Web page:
The treatment for someone with chronic hyponatremia is signficantly different from acute hyponatremia because their sodium level MUST be raised slowly. It should be raised no more than .5 to 1 mmol/ L per hour. It should not be raised more than 8 to 10 mmol in a 24 hour period. Some even caution that it should be raised no more than 6 to 8 mmol per 24 hours. If it is raised faster than this, a person can develop Central Pontine Myelinolysis or Extrapontine Myelinolysis.

Expect to be in the ICU for 4 to 5 days at the very least if the treatment is being done correctly.

A person should NOT be given oral prescription medications along with IV saline solutions. The treatment should be fluid restriction if the hyponatremia is not severe or if it is a chronic form. If the fluid restriction does not work (with the chronic form), than a .9% solution should be started. If they have the acute form, then the 3% solution should be used first. Again, if the sodium levels begin to rise to a point where the symptoms begin to subside, then the treatments should be discontinued to see how the body responds.

If a person’s body is not responding to fluid restriction or IV saline solutions, then a person should be given the oral prescription medications. THEY SHOULD NOT BE GIVEN AT THE SAME TIME AS IV SALINE SOLUTIONS. IT SHOULD BE ONE OR THE OTHER–NOT BOTH.

I really think these are the most important aspects to hyponatremia. Please feel free to contact me if you have any questions or want more information over any of the topics I’ve posted so far. If you find out any relevant information regarding hyponatremia that you think I should include, PLEASE contact me or leave a message here. I REALLY appreciate your help.

Thank you for your support!

Hyponatremia: More treatment information.

Ok, so I’ve been researching like crazy. I have a friend who has CPM. He was recovering in the hospital from alcoholism. He possibly developed acute hyponatremia, and I have been doing research to find out as much possible about the differences between acute hyponatremia and chronic hyponatremia.

Hyponatremia is really an ugly beast when you try to break it down. It’s complex.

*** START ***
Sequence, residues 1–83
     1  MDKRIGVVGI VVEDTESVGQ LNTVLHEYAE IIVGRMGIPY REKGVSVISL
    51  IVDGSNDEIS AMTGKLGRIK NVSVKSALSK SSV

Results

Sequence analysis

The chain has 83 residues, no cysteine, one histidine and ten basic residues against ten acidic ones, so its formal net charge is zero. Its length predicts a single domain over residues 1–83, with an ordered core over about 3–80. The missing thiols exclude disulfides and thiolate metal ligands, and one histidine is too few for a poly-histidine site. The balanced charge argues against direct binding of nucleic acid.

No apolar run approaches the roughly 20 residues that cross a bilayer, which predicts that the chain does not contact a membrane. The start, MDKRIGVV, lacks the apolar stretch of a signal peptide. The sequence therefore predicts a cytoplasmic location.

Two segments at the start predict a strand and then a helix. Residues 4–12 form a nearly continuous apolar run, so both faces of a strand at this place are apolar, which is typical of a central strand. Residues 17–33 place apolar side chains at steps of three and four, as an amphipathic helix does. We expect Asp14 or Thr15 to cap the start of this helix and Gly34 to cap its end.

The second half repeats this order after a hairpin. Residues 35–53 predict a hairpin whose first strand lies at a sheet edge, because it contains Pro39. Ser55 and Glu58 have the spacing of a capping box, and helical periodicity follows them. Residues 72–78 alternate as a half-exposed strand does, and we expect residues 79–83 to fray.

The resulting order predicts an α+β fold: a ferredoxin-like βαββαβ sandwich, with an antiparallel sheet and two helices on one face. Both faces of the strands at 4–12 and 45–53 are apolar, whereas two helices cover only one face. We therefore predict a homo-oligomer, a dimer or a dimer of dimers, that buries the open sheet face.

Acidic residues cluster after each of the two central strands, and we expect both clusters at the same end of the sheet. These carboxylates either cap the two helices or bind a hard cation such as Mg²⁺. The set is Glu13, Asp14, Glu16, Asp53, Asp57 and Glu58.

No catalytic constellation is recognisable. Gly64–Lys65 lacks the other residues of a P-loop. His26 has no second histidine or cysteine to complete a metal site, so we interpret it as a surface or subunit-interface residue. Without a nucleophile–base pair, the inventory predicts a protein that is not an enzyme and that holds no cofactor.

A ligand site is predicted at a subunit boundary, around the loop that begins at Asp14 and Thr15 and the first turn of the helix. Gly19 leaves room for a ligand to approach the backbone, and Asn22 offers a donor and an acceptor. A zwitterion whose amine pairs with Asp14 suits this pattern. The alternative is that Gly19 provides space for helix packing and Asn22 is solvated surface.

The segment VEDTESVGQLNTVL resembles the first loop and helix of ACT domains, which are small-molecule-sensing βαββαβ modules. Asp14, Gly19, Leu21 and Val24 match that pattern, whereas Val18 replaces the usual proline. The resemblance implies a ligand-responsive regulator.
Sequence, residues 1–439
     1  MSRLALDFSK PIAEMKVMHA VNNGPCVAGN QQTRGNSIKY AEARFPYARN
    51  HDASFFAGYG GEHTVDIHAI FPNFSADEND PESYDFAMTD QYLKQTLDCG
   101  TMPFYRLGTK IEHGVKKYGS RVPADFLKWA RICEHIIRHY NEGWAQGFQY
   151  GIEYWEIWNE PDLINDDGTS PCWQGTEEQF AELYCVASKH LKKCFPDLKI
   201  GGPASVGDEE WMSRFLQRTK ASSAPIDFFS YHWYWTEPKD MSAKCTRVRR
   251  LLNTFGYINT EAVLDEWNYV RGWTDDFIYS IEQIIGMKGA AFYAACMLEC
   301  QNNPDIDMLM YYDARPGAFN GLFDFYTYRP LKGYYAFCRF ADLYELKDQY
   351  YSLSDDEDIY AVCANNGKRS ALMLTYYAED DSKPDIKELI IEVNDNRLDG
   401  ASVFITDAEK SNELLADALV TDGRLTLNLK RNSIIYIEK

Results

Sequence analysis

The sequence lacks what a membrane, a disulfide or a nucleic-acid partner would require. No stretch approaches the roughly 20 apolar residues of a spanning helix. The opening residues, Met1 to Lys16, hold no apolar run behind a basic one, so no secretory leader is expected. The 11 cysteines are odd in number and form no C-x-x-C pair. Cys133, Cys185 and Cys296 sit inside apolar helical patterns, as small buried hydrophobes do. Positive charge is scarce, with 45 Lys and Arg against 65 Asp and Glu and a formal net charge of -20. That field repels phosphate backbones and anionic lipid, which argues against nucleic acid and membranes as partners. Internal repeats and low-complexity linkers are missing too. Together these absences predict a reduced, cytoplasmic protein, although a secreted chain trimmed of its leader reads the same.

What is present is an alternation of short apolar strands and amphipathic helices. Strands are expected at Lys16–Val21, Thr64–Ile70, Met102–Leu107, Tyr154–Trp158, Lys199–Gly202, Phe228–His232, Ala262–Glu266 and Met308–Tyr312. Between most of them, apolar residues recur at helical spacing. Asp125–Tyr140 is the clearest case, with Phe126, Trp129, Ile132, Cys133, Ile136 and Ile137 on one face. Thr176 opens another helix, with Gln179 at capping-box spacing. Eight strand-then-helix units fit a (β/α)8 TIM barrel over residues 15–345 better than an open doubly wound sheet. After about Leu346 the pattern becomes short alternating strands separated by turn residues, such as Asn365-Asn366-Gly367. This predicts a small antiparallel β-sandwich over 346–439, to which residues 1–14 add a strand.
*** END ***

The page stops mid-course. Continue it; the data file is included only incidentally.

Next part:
So there are different types of hyponatremia based on how it is induced. There are five different types (classifications) for hyponatremia. (who knew):

1.) Hypovalemic hyponatremia: body water, body sodium and extracellular fluid volume decrease.

2.) Euvolemic hyponatremia: Body water increases but sodium levels remain normal; to put it simply, dilution.  There is no edema but extracellular fluid increases slightly.

3.) Hypervolemic hyponatremia: Blood sodium increases, but body water increases more. There is a great increase in extracellular fluid. There is a presence of edema.

4.) Redistributive hyponatremia: This is related to the administration of mannitol, as well as with hyperglycemia. There is no change in body water or blood sodium, but there is a shift from intracellular fluid to extracellular. (Water moves from inside the cell to outside the cell.)

5.) Pseudohyponatremia: The blood sodium and body water are unchanged, but there is an abundance of lipids and proteins in the blood. Two conditions that cause this are hypertriglyceridemia and multiple myeloma.

This information was found from the following website:


I found the above website very informative in drugs that can cause hyponatremia. It also had a lot of important regarding how it should be treated.

For instance, there is chronic hyponatremia in which a person has below normal sodium levels for more than 48 hours. Then, there is acute hyponatremia in which a person has sodium levels lower than normal for less than 24 to 48 hours.